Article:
SKILLMAN, N.J., Oct. 27 (UPI) -- Most U.S. adults would rather touch a public toilet seat than shake someone's hand after they've coughed or sneezed into it, a survey indicates.
The survey, commissioned by Purell Instant Hand Sanitizer, says two in five U.S. adults say they have hesitated to shake hands with someone because of their fear of germs.
Four in five Americans say they think people are shaking hands less frequently than they did 25 years ago. However, 56 percent say cold and flu germs are the worst part of a winter handshake, and 49 would prefer using a fist bump over a handshake -- 15 percent due to the fear of germs, 13 percent because of sweaty palms and 6 percent because of dry hands.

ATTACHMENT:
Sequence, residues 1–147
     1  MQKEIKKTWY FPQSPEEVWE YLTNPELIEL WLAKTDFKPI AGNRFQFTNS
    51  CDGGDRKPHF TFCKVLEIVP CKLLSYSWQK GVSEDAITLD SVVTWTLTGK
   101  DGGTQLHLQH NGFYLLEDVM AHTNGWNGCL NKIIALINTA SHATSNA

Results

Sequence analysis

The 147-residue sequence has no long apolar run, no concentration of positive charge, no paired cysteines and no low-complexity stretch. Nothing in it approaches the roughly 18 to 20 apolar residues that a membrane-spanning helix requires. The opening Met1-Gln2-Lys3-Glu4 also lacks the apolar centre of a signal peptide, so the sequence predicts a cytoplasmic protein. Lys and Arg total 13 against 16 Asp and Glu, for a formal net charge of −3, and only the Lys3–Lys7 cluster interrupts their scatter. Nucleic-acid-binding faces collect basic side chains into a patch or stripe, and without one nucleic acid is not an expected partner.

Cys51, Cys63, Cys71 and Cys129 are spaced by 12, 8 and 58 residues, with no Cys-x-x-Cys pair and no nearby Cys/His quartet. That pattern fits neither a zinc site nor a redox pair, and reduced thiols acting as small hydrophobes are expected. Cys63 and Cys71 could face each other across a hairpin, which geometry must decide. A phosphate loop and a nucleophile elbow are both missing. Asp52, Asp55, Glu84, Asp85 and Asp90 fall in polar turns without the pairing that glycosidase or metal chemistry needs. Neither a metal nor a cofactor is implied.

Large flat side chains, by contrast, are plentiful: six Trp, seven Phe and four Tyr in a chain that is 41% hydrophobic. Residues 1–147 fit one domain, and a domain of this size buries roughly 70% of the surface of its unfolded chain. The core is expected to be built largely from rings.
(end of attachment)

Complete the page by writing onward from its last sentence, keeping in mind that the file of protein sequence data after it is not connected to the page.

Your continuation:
Half of American adults living on the East Coast say they have hesitated to give a handshake due to germs, compared with 35 percent on the West Coast.
However, Southerners, known for their hospitality, average about eight handshakes a week, or two more than the national average of six handshakes a week.
The survey of 1003 U.S. adults, conducted by Wakefield Research Sept. 7-10, has a margin of error of 3.09 percentage points.